No slim pickings for Slim Shady: is music sold or licensed to iTunes?

A Californian court has awarded rapper Eminem a greater share of the money made from selling downloads of his songs on the iTunes store.  The court ruled that the songs were “licensed”, not “sold” to Apple, which runs the iTunes store.

Under the contract between the production company affiliated with Eminem and his record company, Eminem receives a greater share of the price paid for songs that are “licensed” than he does for songs that are “sold”.  Traditionally, a licence to use a recording is given when the song is to be used in a movie soundtrack or a TV show.  Under the contract, the artist receives a 50% share of the associated licence fees on recordings “licensed … to others for their manufacture and sale of records or for any other uses”.  However, under his contract Eminem receives the lower rate of 12-20% of the value of any “full price records sold in the United States”.

Therefore, the pivotal question was whether Eminem’s songs were licensed or sold to Apple.  The Court of Appeals for the Ninth Circuit looked at the terms of the contract and applied the meaning of both “sale” and “license” under US copyright law.  

The court found that there was no sale here.  This was because the record company did not transfer title of an individual copy of a work, as it does when it sells CDs, and did not sell all exclusive intellectual property rights in a work.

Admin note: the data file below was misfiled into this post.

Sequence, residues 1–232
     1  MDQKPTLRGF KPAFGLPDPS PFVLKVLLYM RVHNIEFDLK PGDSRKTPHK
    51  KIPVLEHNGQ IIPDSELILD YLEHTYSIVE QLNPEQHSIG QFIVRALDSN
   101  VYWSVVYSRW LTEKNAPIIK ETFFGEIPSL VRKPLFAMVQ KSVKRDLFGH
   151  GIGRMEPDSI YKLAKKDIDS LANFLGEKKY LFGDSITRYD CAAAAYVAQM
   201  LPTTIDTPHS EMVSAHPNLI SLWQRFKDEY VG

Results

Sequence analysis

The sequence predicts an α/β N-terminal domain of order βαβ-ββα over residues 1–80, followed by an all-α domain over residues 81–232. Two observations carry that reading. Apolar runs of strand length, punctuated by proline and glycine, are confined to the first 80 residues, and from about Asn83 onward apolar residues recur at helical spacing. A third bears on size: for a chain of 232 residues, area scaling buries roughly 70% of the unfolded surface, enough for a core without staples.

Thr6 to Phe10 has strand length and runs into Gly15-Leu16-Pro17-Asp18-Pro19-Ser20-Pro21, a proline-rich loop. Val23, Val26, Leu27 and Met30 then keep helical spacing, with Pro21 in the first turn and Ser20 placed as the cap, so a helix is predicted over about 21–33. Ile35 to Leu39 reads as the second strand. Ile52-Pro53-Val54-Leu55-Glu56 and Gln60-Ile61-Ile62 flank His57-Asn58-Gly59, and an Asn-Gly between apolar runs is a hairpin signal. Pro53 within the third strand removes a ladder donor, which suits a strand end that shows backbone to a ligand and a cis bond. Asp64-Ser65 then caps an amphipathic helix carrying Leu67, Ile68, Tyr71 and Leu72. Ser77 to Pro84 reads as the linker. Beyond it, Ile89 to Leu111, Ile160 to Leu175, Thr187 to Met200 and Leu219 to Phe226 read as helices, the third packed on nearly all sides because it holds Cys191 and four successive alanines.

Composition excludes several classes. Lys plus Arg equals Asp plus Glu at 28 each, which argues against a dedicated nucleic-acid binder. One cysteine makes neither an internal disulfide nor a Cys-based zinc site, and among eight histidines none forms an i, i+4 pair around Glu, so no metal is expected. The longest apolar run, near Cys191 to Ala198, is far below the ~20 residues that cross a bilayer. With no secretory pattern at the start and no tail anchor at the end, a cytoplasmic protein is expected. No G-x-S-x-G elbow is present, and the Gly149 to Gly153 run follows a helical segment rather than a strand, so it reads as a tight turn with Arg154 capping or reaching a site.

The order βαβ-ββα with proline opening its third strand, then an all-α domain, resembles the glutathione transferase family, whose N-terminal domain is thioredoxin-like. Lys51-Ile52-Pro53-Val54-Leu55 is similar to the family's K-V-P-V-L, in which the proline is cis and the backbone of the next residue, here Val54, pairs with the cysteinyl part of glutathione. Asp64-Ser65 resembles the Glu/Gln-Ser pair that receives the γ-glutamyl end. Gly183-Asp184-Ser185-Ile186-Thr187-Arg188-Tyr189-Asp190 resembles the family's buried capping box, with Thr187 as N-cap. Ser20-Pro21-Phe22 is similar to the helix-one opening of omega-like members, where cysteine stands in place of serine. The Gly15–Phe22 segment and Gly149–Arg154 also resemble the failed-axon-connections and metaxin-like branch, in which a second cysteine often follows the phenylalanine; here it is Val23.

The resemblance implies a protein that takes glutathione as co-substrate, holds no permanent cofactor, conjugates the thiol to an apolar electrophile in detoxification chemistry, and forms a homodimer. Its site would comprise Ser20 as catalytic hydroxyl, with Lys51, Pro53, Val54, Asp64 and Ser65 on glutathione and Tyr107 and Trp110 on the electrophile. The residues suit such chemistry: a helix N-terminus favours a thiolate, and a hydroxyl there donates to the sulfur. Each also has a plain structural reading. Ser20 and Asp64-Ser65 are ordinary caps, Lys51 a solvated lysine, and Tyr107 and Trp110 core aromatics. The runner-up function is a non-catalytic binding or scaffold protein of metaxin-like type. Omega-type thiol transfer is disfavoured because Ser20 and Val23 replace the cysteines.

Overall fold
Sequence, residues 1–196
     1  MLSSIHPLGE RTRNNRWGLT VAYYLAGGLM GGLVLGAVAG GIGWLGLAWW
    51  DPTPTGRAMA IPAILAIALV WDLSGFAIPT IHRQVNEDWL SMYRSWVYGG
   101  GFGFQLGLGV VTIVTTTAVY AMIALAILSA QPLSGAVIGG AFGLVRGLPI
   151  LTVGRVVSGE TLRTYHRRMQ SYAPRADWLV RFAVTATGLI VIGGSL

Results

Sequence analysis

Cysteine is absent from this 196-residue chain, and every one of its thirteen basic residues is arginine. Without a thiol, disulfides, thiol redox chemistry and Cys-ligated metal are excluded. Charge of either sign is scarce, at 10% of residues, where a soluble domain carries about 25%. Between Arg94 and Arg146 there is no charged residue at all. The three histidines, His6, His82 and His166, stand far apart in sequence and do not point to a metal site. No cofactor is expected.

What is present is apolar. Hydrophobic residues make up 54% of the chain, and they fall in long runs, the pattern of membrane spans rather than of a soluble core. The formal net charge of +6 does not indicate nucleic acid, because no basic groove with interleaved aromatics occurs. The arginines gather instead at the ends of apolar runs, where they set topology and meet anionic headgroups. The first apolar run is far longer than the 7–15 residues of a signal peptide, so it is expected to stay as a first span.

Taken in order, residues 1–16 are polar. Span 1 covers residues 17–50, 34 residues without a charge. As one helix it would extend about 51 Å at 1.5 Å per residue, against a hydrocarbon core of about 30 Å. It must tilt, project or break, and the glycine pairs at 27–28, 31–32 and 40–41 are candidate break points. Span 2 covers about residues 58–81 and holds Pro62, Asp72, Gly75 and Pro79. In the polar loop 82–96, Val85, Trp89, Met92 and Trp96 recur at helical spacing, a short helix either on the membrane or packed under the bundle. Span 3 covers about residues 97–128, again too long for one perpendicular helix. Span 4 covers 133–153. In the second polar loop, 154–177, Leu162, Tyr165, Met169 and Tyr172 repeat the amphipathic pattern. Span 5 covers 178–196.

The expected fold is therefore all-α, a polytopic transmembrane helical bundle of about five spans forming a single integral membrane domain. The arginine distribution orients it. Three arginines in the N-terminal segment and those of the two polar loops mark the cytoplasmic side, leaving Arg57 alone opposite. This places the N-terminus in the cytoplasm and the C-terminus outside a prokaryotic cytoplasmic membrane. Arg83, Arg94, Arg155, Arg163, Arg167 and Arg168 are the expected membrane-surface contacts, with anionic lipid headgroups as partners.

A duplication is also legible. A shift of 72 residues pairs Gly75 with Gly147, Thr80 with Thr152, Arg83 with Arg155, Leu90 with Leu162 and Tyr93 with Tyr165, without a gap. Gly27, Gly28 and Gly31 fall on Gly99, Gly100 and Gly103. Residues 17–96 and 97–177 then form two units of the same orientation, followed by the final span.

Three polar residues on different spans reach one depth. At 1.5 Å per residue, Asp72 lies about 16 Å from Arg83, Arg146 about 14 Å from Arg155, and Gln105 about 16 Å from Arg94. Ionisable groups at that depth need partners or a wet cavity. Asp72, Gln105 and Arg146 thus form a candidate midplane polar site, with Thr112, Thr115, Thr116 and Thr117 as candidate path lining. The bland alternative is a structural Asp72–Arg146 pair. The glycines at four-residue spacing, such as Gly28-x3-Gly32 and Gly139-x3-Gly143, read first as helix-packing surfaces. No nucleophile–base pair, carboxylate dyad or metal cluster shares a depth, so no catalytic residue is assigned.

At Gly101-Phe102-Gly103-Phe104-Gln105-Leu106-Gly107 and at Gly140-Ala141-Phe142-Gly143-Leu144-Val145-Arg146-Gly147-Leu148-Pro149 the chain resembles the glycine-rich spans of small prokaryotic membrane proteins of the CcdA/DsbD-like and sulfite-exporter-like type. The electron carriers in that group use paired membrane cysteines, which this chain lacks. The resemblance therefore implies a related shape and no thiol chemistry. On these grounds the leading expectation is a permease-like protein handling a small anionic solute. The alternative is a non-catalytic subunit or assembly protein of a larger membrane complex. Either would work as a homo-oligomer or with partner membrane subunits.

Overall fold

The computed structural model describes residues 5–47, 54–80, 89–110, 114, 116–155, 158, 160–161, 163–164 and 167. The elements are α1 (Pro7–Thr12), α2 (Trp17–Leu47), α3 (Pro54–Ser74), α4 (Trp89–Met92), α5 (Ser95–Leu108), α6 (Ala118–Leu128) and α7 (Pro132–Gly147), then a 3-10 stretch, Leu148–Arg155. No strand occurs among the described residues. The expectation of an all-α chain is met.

As to why the relationship was akin to a licence arrangement, iTunes received copies of the songs, was limited in how it could use the songs, and made regular payments to the record company based on sales of the songs. 

It means Eminem can now enjoy an increased share of the money made from selling downloads (depending on whether the decision is appealed).

Interestingly, the contract at issue, between Eminem’s production company and the record company, was signed in 1998, well before the dawn of the iTunes juggernaut (Apple’s iTunes software was launched in 2001, and the iTunes store in 2003).  Trying to figure out how the contract applies to a method of sale that had not been invented at the date of the contract highlights some of the difficulties in applying traditional legal concepts to new technologies.  Most recording contracts made post-2003 avoid this problem by including provisions dealing directly with revenue from digital sales.

This case revolved around the interpretation of a specific contract, so it is unclear whether it provides a broader precedent for other contracts that do not explicitly consider digital sales.  However, the case does provide a good discussion of the difference between sales and licences in relation to intellectual property such as music recordings.

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